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4 Ways to Boost Your Resilience

Balancing anxiety and grief with hope and purpose are essential to resiliency.

Key points

  • Resilience is the ability to bounce back and even thrive, despite hardships.
  • Researchers have found that resilience can be increased or strengthened like a muscle.
  • There are specific small steps people may start taking today to become more resilient.

The past few years have been challenging for many of us. Americans are expressing high levels of concern about mental health struggles, and data shows that the past decade has had a particularly detrimental effect on the wellbeing of adolescents.

At the same time, modern brain science has revealed that we are not passive victims of our emotions and there is much we can do to build our capacity and resilience during tough times.

The American Psychological Association defines resilience as:

The process of adapting well in the face of adversity, trauma, tragedy, threats, or significant sources of stress—such as family and relationship problems, serious health problems, or workplace and financial stressors. As much as resilience involves 'bouncing back' from these difficult experiences, it can also involve profound personal growth.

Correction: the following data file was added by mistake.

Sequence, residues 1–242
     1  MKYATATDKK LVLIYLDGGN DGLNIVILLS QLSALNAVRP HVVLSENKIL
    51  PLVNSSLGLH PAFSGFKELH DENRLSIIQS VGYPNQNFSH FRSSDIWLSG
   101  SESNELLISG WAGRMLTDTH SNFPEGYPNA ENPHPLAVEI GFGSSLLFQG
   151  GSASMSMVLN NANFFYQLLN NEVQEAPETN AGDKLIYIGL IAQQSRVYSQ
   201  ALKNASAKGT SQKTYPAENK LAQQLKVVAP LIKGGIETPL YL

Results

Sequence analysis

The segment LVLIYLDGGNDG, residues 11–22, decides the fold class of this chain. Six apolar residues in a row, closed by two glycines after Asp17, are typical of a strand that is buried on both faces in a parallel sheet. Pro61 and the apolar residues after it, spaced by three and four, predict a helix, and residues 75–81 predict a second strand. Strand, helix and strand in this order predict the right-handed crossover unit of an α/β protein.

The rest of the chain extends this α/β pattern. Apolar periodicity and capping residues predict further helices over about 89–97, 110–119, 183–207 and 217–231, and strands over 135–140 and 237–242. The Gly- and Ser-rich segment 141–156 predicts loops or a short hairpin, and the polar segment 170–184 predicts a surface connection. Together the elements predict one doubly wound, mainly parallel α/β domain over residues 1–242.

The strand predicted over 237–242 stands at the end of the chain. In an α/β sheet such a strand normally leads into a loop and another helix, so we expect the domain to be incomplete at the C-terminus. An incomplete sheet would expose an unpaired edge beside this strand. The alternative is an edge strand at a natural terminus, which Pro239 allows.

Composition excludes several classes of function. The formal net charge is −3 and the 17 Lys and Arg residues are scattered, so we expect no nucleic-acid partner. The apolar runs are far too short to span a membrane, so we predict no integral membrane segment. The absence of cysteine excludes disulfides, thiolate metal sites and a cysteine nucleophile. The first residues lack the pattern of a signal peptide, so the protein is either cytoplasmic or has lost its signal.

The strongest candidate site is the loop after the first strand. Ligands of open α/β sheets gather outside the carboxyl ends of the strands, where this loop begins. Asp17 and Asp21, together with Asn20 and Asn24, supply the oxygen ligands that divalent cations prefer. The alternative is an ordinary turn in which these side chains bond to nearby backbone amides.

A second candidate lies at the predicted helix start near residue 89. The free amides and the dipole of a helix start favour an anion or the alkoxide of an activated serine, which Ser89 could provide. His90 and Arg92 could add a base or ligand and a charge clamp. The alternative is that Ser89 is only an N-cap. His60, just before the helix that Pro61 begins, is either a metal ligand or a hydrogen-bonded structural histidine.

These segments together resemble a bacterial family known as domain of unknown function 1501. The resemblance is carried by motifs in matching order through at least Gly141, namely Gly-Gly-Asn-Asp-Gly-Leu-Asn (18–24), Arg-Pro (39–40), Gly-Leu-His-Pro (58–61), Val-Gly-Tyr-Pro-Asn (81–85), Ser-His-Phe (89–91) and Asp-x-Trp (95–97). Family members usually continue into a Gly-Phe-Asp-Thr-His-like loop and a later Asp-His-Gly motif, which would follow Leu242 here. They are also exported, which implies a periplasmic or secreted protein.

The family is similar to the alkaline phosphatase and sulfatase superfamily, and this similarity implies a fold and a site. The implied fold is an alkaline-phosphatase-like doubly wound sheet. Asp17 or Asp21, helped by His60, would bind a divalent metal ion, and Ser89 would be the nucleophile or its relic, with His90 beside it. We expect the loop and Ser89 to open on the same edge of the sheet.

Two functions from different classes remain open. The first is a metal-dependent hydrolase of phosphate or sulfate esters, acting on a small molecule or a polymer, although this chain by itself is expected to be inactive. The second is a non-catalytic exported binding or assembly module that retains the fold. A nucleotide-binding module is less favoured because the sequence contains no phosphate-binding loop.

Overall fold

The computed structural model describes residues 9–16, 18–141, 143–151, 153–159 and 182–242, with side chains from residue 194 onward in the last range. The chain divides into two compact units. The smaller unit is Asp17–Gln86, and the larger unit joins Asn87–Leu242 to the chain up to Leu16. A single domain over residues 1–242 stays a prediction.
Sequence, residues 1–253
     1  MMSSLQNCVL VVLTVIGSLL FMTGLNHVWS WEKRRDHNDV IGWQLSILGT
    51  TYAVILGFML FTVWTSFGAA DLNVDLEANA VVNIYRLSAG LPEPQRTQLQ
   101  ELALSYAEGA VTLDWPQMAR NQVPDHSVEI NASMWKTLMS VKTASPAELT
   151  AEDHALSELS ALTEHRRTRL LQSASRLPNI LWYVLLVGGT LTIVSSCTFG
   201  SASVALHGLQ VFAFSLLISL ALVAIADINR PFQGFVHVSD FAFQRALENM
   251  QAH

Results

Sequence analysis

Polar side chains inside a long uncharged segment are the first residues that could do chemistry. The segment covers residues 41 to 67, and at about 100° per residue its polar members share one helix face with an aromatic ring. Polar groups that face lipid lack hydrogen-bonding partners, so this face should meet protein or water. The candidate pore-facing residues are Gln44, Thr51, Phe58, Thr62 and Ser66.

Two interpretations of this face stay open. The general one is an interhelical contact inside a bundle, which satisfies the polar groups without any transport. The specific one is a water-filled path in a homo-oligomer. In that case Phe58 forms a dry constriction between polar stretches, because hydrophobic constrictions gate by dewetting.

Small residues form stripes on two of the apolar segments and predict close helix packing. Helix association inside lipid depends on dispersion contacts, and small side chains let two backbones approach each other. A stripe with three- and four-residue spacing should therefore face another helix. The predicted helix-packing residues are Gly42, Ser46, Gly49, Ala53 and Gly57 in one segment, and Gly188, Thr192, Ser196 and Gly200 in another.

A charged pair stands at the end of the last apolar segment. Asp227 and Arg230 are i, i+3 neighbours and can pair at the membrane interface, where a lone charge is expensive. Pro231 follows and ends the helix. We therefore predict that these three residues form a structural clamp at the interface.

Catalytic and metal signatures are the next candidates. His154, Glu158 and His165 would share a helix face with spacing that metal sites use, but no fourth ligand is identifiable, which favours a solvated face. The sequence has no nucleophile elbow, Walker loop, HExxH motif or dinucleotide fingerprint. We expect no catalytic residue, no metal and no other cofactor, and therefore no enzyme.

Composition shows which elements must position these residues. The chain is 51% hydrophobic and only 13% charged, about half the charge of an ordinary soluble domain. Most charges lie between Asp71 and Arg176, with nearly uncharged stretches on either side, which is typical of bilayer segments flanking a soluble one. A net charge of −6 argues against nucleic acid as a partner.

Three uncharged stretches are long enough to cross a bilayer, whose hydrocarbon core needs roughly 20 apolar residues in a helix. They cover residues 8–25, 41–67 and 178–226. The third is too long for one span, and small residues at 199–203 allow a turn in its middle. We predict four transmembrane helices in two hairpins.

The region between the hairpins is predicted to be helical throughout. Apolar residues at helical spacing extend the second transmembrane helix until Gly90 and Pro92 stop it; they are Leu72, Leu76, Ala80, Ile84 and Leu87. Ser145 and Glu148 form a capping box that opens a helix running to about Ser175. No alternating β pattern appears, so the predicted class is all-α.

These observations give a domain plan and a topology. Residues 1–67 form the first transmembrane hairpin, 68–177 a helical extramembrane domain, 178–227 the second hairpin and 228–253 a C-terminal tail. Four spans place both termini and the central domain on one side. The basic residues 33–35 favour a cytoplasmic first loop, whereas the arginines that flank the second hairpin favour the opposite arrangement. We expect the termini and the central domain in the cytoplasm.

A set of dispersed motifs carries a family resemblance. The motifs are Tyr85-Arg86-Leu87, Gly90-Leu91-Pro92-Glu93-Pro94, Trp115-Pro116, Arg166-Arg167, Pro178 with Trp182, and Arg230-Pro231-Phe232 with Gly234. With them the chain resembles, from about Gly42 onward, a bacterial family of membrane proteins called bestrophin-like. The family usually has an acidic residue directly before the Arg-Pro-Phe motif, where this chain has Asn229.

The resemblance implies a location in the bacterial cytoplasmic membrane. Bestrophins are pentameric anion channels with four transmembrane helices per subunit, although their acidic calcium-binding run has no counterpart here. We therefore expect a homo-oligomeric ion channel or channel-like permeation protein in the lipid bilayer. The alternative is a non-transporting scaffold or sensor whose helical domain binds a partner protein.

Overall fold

What Are 4 Ways We Can Start Boosting Resilience Now?

Scientists have found that resilience can be strengthened, like a muscle, by focusing our attention on four main areas: Purpose, People, Practices, and Possibility.

You might be thinking that the four areas outlined below seem like a lot of work to add to an already overflowing life. However, research on personal change has shown that adding one small doable action at a time can go a long way to building new patterns and habits.

Whatever you decide to do, remember that you have more control over your internal state than you may believe. Begin planting seeds today, for a happier and more resilient you in the future.

"The best time to plant a tree was 20 years ago. The second best time is now." - Chinese Proverb


*Note: These strategies are not meant to replace mental health interventions or professional support for serious mental heath struggles. If you believe you are experiencing serious and debilitating symptoms of depression, anxiety, or suicidality, please reach out to get help immediately by using the Get Help tab at the top of any Psychology Today webpage.

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